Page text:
Paris, postcards - Photographer Corey Amaro


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Paris match: 21 highlights

It’s virtually impossible not to be seduced by Paris. Of all the places to be in the world it’s my most favourite. I love Paris for many reasons: for its charm, edge, culture, elegance, arrogance and confident beauty. I love Paris because it’s always the same and always surprising. I love Paris because, unlike in other big cities, getting lost on its streets is a thrilling prospect. And I love Paris because spending time here, whether it’s an extended holiday or a quick 36 hours, is always an inspiring lesson in the art of living. The following list is by no means a definitive guide of what to see and do in Paris but is rather an edited down selection of the many distractions in this marvellous city – shopping and cultural – that get me all haute under the collar.

Text Mandy Allen
Photography Corey Amaro and courtesy of
Paris, Ladurée, chocolate packaging - Photograph courtesy of Ladurée
Give into the sweet temptations at Ladurée
Forget croissants, baguettes or pain chocolat. The true spirit of Paris is to be found in the macaroon: a Ladurée macaroon to be precise. These gorgeous little meringue-like pastries have much in common with the city they have come to be associated with. They’re beautifully formed, theatrically colourful, refined but flavourful, richly textured, flirty and rather addictive. The house of Ladurée dates back to 1862 when the original shop was established as an ordinary bakery by Louis-Ernest Ladurée at 16, rue Royale. There are now several Ladurée outlets in Paris that include the original at rue Royale, an outlet in the Printemps de la Mode Haussman department store, as well as the company’s breathtaking flagship boutique at 75, avenue des Champs-Elysées. It’s not just these delicate confections that entice, however. Everything from the in-store presentation to the covetable packaging is exquisitely and impeccably realised. Head to the flagship on the Champs-Elysées for breakfast, lunch, tea or dinner served from 7.30am to midnight. While it goes without saying that you should take home a box or ten of macaroons (make sure to buy them on your date of departure or the day before as they don’t stay fresh for long), there are other indulgences to be discovered at the house of Ladurée. Pastries and cakes are a speciality and we swoon every time we see the freshly-baked religieuses (cream puffs), mille-feuilles and Saint Honoré cakes, either iced or filled with pistachio, liquorice, rose or ginger. The beauty of visiting Ladurée time and again is the element of surprise – the colours of the cakes, pastries and macaroons are seasonal, as is the packaging. It’s unadulterated eye-candy for the connoisseur.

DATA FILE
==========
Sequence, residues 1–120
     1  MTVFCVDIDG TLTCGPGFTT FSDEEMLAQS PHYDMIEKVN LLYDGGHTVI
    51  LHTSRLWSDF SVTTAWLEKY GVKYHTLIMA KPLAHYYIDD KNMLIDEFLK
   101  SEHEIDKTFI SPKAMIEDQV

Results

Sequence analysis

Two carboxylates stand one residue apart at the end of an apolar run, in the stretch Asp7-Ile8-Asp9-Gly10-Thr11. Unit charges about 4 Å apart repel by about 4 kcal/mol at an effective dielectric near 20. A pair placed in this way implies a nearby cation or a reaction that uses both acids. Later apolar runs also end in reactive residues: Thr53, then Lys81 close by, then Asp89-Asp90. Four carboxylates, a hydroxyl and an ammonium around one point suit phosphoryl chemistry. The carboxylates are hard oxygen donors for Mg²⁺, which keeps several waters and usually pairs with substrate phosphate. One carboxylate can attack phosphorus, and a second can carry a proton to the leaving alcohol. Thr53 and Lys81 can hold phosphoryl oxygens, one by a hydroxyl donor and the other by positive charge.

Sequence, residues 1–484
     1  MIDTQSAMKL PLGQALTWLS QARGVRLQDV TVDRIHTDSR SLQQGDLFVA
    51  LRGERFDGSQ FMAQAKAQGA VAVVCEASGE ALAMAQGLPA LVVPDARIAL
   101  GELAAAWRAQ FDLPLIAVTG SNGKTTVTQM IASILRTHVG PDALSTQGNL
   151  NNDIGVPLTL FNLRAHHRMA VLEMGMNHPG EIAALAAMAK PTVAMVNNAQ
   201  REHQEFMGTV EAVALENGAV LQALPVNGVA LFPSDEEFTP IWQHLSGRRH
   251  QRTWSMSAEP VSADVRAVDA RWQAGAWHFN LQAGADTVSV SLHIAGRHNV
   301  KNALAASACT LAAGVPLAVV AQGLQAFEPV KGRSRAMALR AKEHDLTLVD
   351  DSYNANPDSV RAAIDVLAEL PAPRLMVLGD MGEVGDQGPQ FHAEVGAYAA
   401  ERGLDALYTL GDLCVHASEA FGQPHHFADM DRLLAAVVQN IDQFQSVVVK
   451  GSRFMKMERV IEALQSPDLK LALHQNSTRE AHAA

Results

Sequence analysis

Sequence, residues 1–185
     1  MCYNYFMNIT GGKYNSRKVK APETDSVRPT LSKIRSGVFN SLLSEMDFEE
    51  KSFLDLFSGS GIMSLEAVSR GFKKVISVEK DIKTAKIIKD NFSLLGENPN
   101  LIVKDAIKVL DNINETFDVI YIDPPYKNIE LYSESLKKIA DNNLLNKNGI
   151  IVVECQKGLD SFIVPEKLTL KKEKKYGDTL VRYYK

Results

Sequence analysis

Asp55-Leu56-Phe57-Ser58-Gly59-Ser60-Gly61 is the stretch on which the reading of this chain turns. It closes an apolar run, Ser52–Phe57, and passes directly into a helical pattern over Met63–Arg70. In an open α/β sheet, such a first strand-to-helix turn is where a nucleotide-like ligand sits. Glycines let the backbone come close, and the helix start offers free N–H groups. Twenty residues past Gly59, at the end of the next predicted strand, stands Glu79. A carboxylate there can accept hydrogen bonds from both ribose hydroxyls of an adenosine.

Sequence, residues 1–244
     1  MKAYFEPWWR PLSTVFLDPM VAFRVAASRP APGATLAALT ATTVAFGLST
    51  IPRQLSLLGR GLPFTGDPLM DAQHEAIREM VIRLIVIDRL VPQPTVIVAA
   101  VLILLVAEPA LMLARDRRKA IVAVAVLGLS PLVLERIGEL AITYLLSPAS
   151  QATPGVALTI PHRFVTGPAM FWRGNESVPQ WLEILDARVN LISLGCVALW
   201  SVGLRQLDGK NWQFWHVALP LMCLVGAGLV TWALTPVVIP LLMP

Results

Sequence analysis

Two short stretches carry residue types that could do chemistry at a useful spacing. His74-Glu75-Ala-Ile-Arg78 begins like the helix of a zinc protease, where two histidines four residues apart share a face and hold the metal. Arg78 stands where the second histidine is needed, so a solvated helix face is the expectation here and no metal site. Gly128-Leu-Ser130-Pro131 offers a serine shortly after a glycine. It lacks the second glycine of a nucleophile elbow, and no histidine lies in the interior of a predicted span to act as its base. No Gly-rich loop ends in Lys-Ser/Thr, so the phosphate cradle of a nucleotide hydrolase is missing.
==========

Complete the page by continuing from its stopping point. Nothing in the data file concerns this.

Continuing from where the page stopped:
Ladurée 16, rue Royale; Printemps 62, boulevard Haussman; 75, avenue des Champs-Elysées

Encounter food as fashion at Pierre Hermé
One of Paris’ most de rigeur names to bandy about is Pierre Hermé who has become renowned for his masterful way with pastries, chocolate, tarts, cakes and, of course, macaroons. Like a fashion designer, Hermé releases seasonal ‘collections’ of pastries and desserts (he even hosts twice-yearly catwalk shows to mark the occasions). As would be expected, his shop is an absolute delight and queues forming outside the doors – especially when the new collections are released – are a common sight.

Pierre Hermé 72, rue Bonaparte

Buy books at the Librairie Flammarion Centre
Of course you’re going to visit the Centre Georges Pompidou to marvel at the contemporary art and debate the architectural merits of the Richard Rogers and Renzo Piano designed building. But it’s also worth setting aside a good amount of time to browse in the ground floor bookshop. The incredible collection spans art, architecture, design and popular culture and even
if you don’t have children, make a point of spending time in the children’s section for some of the most beautifully illustrated books you’ve ever clapped eyes on. Postcards and posters – of which there is an enormous selection – make great cheap and cheerful gifts. Not to mention that a fridge stuck full of artsy postcards makes for a permanent reminder of your visit to this capital of culture.